Bryce Dallas Howard (who I’ve always liked and who deserves a better blockbuster character) is Claire, an uptight control freak in charge of the park’s day-to-day operations who once dated Owen. Claire’s nephews, who she hasn’t seen in several years, are shipped off to the island to remain in her care while their parents deal with their impending divorce. Kid characters can be tricky, and while these two aren’t annoying or awful they’re bland and boring as dino shit. There was some attempt to show them deal with their parents’ divorce and do some brotherly bonding, but it all fell flat and evoked zero emotion.
The movie’s treatment of Claire came under fire upon its release, and while I don’t know if I’d single her out in a film where every character is flat, the criticism is still valid. For the first half of the movie, it felt like Claire couldn’t get through a single scene without exhibiting cartoonish career woman behaviour, and other characters lecturing or shaming her for something: her attitude to the park and its creatures, her inability to remember her nephews’ ages, her shoes, etc. But all that was just a setup for her character arc later on! Sure, I could buy that. There’s nothing wrong with the “career person with no soul learns to care for others and appreciate the family” trope. But I don’t think that the movie pulled it off.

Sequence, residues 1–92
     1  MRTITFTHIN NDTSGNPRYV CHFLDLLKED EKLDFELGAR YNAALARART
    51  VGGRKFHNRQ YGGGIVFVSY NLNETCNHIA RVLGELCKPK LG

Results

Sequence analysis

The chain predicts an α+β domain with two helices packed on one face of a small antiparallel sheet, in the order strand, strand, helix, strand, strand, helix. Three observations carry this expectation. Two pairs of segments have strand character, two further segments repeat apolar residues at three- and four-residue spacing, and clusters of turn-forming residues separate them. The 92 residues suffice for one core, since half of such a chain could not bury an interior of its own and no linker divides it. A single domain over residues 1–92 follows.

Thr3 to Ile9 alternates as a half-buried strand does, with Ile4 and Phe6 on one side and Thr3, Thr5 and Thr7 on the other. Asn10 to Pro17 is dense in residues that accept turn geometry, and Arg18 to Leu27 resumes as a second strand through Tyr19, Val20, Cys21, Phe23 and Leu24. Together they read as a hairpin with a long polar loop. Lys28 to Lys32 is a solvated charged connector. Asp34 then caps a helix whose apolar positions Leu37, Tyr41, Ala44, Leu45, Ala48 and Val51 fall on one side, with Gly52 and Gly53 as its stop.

For starters, there’s a scene just before all hell breaks loose where Claire talks to her sister, and seems to be genuinely sorry that she’s neglected her nephews and promises to spend a whole day with them. So really, she didn’t need to go through all that adventure to learn a valuable lesson about family, because she was already remorseful before it even began. Also, while Claire worries about her nephews a lot, I got no sense that these three formed any real bond or got to know each other better by the end of the film. In the original movie, Sam Neill’s Alan Grant had a somewhat similar arc – but he really got to spend time with the two kids and build a relationship with them. Here, Claire and her nephews don’t have a single meaningful exchange, and it doesn’t help that, right after Claire does her first genuinely heroic act and saves Owen’s life, she doesn’t get any newfound respect from the boys. Instead they instantly hero-worship Owen for no reason other than him being a tough-looking guy with a gun. It’s like the movie is so anxious on maintaining Owen’s badassery that he must re-assert his masculinity and grab Claire in for a kiss right after she rescues him, and then be commended for being a badass not once but twice by the kids. Fair enough, the scene where Claire comes by a dying dinosaur and sees it as a living being rather than an “asset” is effective, and she does get to save the day in the end. But these things don’t add up to a satisfying whole. And man why can’t there ever be a believable romance with real chemistry in summer blockbusters?
Claire’s heels didn’t bother me though. Owen cracks a joke about them once, but as much as the movie treats Claire as a punching bag in other respects, it never uses her high-heeled shoes for the sake of “hahaha a dumb girl runs around the jungle in impractical footwear hahaha”. Whether or not they’d realistically break is another issue, but at least they don’t seem to inconvenience her in the slightest.
A- for dinosaurs, D for humans.